Tamil Nadu Agricultural University

Bhopal 462003

Coimbatore 641003

Madhya Pradesh, India

Tamil Nadu, India

Multipurpose weeder


ICAR Research Complex

Division of Agri. Engineering

North-Eastern Hilis Region

Indian Agricultural Research Institute

Shillong 793003

Pusa, New Delhi 110012, India

Meghalaya, India
Rotary paddy weeder
M.P. State Department of Agriculture
Bhopal 462001
Madhya Pradesh, India

Source: Centre of Science for Villages, Wardha, Dr. H. S. Biswas, and Dr. M. M. Pandey

Fuel-efficient chulhas

Advantages of fuel efficient chulhas

- Use less fuel
- Reduce fuel collection time
- Reduce cooking time
- Produce less smoke
- Conserve trees
- Allow more dung to be used as fertilizer instead of fuel
- Provide work for local chulha makers

Millions of women in developing countries spend hours each day gathering fuel and still more hours feeding inefficient, smokey chulhas. These ovens harm women's health, add to women's work load, and contribute to deforestation. To combat this problem, many fuel-efficient ovens have been designed and promoted over the years. These improved chulhas all have something in common: they are scientifically designed for better heat flow, which means that maximum heat is taken from the fuel and directed at the cooking pots.


Many different models of improved chulhas are available:

- Pottery-lined mud chulha with or without chimney
- Portable metal chulha
- Portable ceramic-lined metal chulha
- Portable chulha with separate hood chimney
- Pottery-lined chulha without chimney

Portable metal chulha

Portable ceramic-lined metal chulha


Improved chulhas are installed by specially trained, selfemployed chulha makers. Customers are helped to choose the right chulha to meet their needs-depending on family size, kitchen location, type of fuel to be used. Normally, chimneys are recommended for closed, poorly ventilated areas.


Chulhas are normally made from locally available materials. But, depending on the chulha's size and design-whether the chulha includes a chimney pipe, smoke hood, ceramic or metal components-and taking into account installation charge and available subsidies, an improved chulha can cost from R15 to R150.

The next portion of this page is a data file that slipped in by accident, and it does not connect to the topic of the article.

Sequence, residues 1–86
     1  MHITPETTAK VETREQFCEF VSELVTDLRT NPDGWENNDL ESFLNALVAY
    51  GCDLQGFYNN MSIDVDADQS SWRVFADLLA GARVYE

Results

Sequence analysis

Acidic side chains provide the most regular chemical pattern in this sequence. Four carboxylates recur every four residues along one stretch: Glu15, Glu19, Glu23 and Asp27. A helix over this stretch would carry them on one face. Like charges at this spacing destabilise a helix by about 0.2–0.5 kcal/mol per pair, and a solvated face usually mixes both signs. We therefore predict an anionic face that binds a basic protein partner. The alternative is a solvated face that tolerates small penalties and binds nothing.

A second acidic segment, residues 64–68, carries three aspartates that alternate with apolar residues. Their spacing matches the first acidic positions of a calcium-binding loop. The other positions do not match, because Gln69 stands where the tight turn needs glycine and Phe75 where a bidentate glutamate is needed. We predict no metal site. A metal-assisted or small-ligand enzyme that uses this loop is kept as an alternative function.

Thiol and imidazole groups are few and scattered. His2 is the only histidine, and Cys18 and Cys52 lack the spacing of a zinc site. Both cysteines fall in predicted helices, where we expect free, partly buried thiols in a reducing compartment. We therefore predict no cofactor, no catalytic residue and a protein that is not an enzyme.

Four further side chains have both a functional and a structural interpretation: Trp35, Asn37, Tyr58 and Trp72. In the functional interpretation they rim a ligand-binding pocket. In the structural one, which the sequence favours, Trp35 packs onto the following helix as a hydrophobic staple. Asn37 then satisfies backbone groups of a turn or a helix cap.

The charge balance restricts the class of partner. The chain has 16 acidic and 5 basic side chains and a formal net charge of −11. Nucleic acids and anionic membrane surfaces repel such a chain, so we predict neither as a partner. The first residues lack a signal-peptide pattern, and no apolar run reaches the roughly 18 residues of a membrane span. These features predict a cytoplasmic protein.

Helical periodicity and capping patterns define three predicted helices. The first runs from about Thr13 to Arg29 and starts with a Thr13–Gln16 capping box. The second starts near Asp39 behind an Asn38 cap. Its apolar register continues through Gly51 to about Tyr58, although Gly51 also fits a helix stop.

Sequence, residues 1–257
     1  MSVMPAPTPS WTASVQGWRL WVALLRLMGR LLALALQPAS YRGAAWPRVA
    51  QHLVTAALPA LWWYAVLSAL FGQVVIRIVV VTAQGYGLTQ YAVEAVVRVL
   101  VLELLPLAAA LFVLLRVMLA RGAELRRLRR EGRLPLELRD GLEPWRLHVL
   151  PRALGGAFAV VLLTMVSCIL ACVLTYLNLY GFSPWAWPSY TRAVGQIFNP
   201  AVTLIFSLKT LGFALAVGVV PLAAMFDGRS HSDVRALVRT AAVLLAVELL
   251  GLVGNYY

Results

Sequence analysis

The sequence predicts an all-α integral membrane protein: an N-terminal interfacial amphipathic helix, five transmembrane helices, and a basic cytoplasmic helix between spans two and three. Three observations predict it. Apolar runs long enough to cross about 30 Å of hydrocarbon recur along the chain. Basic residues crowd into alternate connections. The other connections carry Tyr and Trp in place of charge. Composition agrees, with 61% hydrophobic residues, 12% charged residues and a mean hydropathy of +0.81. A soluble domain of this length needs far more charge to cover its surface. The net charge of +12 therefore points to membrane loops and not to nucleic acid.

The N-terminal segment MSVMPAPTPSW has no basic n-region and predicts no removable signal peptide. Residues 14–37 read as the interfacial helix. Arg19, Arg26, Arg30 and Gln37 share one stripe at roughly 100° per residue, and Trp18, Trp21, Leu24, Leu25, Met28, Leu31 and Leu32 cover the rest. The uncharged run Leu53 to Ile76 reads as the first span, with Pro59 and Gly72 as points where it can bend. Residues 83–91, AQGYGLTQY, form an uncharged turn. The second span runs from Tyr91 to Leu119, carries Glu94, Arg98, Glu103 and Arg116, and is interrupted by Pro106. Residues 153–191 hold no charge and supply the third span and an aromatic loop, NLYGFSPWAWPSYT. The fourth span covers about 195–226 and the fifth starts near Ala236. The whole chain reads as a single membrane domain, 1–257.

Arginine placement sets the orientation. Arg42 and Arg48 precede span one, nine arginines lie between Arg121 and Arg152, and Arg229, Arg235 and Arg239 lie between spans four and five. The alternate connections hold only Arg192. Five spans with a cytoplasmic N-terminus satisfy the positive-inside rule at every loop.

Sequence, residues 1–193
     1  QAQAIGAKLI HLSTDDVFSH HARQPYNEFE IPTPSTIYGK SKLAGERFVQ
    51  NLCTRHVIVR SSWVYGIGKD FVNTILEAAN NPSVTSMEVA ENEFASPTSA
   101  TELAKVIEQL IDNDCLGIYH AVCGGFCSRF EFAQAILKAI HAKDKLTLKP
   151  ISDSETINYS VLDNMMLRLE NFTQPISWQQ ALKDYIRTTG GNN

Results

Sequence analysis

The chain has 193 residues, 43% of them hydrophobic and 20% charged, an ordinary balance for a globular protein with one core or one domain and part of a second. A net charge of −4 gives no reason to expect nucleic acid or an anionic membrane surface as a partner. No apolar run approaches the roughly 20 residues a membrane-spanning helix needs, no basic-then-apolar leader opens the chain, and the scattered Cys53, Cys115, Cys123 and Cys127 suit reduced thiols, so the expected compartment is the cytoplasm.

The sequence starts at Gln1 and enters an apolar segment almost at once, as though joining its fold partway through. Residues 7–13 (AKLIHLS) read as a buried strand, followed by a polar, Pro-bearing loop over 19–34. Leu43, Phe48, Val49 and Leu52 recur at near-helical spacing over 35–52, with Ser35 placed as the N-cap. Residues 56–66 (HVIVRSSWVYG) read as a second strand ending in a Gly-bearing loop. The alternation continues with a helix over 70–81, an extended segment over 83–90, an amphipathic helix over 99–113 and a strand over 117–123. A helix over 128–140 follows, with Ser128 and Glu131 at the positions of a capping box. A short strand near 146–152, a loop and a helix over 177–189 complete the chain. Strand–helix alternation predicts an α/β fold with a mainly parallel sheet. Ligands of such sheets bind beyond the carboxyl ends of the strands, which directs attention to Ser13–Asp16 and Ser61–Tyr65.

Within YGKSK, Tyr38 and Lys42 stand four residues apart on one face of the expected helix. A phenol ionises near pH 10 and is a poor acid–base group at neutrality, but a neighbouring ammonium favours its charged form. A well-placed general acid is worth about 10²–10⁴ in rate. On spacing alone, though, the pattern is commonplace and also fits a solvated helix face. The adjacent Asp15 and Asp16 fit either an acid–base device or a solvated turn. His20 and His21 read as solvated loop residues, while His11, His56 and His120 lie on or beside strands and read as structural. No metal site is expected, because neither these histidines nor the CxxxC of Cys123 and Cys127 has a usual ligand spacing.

If you are interested in having a fuel-efficient improved chulha, contact the block development officer in your area.

Contributor: Mr. S. K. Jagwani

Solar cookers

Households can save money, save labour, and preserve the environment by using the free energy of the sun to cook food. About 60 percent of energy used in rural areas in India is used for cooking. This comes from fuelwood, agricultural waste, animal dung, coal, and kerosene. Aside from the cost of these fuels and the long hours spent collecting them, there is also an environmental cost Demand for fuelwood, for instance, is causing deforestation which leads to floods and erosion.

Why buy a solar cooker?

- Savings-solar cookers use no fuel and are cheap to maintain
- Safety-no fires, no electric shocks, no gas leaks
- Time-saving-cook four items at a time
- Convenience-very little attention is required
- Simplicity-solar cookers are simple to use
- Nutrition-solar cooking preserves the nutritive value of food
- Flavour-food is cooked slowly so flavour is retained
- Cleanliness-no smoke and no soot


Solar cookers do not work well in early morning, late afternoon, or on cloudy days.

Parts of the solar cooker

There are six main parts to a solar cooker

1 Outer box-made of galvanized iron or aluminium.

2 Inner cooking tray-made of sheet aluminium painted black to absorb the sun's radiation

3 Double glass lid-with a 1-cm air space between the sheets of glass for insulation and a rubber gasket to prevent heat leakage

4 Thermal insulating material- such as glass wool, packed between the outer box and the inner tray

5 Mirror-fixed on the inside of the outer box lid to focus the sun's rays on the cooking containers and cooking tray

6 Cooking containers (with covers)

-of aluminium or stainless steel, painted black on the outside to absorb the sun's radiation

How to use a solar cooker

1 Keep the solar cooker in the open in direct sunlight for at least 45 minutes before loading it with cooking pots. This will reduce the cooking time.

2 From time to time, adjust the position of the cooker and mirror to focus the sun's rays on the cooking pots and cooking tray.

3 Open the glass lid of the solar cooker, place the cooking pots inside and close the lid. As much as possible, keep the lid closed. Opening the lid will cause heat to escape and prolong cooking time.


- When cooking is complete, leave the lid open for 10 to 15 minutes to allow the pots to cool down.
- Use cloth potholders when removing pots from the cooker.
- When opening the cooker's glass lid, keep your face and body away to avoid steam burn.


- The outside of the pots and the surface of the inner tray should be painted black from time to time. Avoid scratching the paint.

- When cooking is complete, clean the cooker with a dry cloth. Wipe both sides of the double glass lid and mirror with a soft clean duster before and after using the cooker.

Useful tips

- Cut vegetables into small pieces before cooking.

- Softer cereals and pulses in water before cooking.